When a C-17 gives you bees, you make honey

Staff. Sgt. Joshua Carder, a firefighter at the 167th Airlift Wing in Martinsburg, W.Va., collects bees that swarmed a C-17 Globemaster III on the flightline at the 167th, May 3, 2016. Carder estimated that there were about 5,000 to 10,000 bees in the swarm. The bees landed and gathered in two large masses on the fuselage and crew entrance door ladder.   Carder volunteered to capture the bees and keep them on his orchard with his other hives. (U.S. Air National Guard photo by Tech. Sgt. Matt Riffle/released)

Staff. Sgt. Joshua Carder, a firefighter at the 167th Airlift Wing in Martinsburg, W.Va., collects bees that swarmed a C-17 Globemaster III on the flightline at the 167th, May 3, 2016. Carder estimated that there were about 5,000 to 10,000 bees in the swarm. The bees landed and gathered in two large masses on the fuselage and crew entrance door ladder. Carder volunteered to capture the bees and keep them on his orchard with his other hives. (U.S. Air National Guard photo by Tech. Sgt. Matt Riffle/released)

MARTINSBURG, W.Va. -- During a post flight inspection of a C-17 Globmaster III, Tech. Sgt. Matt Riffle and Staff Sgt. Shane Hott, crew chiefs at the 167th Airlift Wing in Martinsburg, W.Va., were about to exit the aircraft when they noticed a swarm of bees at the main crew entrance door of the C-17, May 3, 2016.
"It was almost like a cloud of bees," said Riffle.
The crew chiefs waited a short while for the bees to leave the door of the aircraft, then decided to leave out the back of the aircraft and call for some help with the bees that had landed and gathered in two large masses on the fuselage and crew entrance door ladder.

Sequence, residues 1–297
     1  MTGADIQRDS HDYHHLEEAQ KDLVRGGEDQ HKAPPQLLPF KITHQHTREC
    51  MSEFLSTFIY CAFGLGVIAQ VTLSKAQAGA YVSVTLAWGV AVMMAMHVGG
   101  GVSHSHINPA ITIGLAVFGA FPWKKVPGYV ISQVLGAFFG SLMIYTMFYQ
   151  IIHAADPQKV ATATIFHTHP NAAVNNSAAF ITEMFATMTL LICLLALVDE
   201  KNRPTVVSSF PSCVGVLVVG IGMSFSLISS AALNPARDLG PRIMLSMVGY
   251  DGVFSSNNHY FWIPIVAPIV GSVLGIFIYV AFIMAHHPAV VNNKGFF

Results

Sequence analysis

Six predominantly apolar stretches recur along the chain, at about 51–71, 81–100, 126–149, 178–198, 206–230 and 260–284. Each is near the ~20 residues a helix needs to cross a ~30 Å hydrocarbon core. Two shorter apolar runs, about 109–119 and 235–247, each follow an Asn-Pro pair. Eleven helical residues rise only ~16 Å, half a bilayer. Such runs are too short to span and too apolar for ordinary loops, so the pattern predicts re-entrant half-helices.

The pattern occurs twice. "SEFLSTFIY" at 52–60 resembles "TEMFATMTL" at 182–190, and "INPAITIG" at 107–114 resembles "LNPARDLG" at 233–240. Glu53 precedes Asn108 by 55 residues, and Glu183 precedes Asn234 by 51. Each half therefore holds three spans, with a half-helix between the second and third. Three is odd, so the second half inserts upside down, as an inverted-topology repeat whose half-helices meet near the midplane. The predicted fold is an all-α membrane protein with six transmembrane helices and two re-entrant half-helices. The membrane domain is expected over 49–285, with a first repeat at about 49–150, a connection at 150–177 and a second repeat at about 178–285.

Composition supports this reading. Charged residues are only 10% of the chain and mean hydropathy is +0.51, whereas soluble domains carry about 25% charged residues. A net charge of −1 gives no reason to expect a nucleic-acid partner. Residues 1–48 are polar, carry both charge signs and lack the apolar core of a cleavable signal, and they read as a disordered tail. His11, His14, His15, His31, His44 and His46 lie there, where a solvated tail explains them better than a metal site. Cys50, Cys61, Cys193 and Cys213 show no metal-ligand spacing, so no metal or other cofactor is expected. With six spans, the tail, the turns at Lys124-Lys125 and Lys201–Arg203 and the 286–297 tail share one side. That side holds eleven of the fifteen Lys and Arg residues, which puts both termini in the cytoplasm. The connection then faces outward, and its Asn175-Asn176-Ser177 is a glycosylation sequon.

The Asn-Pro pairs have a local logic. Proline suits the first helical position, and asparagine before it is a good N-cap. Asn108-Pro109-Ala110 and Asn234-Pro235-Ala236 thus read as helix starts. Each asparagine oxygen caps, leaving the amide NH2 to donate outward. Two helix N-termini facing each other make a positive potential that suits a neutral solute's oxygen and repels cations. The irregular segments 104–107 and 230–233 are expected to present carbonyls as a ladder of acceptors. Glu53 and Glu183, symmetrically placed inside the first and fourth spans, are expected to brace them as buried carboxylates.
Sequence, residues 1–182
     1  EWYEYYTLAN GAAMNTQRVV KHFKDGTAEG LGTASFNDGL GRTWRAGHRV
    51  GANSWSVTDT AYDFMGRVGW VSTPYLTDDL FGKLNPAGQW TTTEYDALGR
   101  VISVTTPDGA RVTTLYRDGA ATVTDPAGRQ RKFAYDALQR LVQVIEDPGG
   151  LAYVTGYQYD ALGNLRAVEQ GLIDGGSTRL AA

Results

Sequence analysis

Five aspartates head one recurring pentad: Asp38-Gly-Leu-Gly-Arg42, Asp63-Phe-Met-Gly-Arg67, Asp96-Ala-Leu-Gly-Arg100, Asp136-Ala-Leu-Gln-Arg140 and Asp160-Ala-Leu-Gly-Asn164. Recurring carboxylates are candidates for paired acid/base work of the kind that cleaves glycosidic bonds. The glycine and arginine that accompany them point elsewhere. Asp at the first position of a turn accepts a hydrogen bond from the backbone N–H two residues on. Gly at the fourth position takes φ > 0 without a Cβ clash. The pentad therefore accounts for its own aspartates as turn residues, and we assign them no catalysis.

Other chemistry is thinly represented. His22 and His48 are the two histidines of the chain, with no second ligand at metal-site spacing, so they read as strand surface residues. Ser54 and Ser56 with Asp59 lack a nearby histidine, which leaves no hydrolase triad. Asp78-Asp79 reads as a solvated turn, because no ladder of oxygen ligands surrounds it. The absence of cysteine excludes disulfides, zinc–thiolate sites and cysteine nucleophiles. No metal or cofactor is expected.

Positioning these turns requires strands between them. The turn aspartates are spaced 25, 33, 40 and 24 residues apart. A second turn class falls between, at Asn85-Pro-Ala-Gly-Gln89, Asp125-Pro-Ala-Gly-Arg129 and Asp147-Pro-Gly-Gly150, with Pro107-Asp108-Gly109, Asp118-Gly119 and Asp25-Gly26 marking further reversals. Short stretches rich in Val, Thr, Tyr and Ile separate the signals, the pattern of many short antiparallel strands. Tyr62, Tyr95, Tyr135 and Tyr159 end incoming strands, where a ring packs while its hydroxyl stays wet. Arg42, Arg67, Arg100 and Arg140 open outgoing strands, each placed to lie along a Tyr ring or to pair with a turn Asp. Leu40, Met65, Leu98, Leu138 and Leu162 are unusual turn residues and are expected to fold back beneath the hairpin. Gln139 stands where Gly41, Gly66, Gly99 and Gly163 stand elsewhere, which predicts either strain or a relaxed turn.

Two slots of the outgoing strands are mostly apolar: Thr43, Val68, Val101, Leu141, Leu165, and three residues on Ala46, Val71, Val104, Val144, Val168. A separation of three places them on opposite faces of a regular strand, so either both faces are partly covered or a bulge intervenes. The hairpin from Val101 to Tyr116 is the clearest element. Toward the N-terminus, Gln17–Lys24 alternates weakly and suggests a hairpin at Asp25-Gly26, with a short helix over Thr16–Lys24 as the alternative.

Staff Sgt. Joshua Carder, a firefighter at the 167th AW, was sitting in the Emergency Control Center at the time of the swarm and heard someone over the radio say something about bees. 
Carder has been a beekeeper for five years.
According to Carder, "You have beekeepers and bee raisers. Beekeepers keep the bees alive and you make honey. Some people can go five years without making any honey and they are called bee raisers."
Since no one knew what to do with the bees, Carder volunteered to capture the bees and keep them on his orchard with his other hives.
Carder first identified the queen of the swarm and scooped her, along with some of the other bees, into a "bee box."
The rest of the bees that had swarmed the C-17 followed the queen into the "bee box." It was like a parade of bees following the pheromones of the queen right into the box, said Carder.
Carder estimated that there were about 5,000 to 10,000 bees in the swarm.
No bees or humans were harmed during the swarm. The bees are currently living the sweet life of making honey.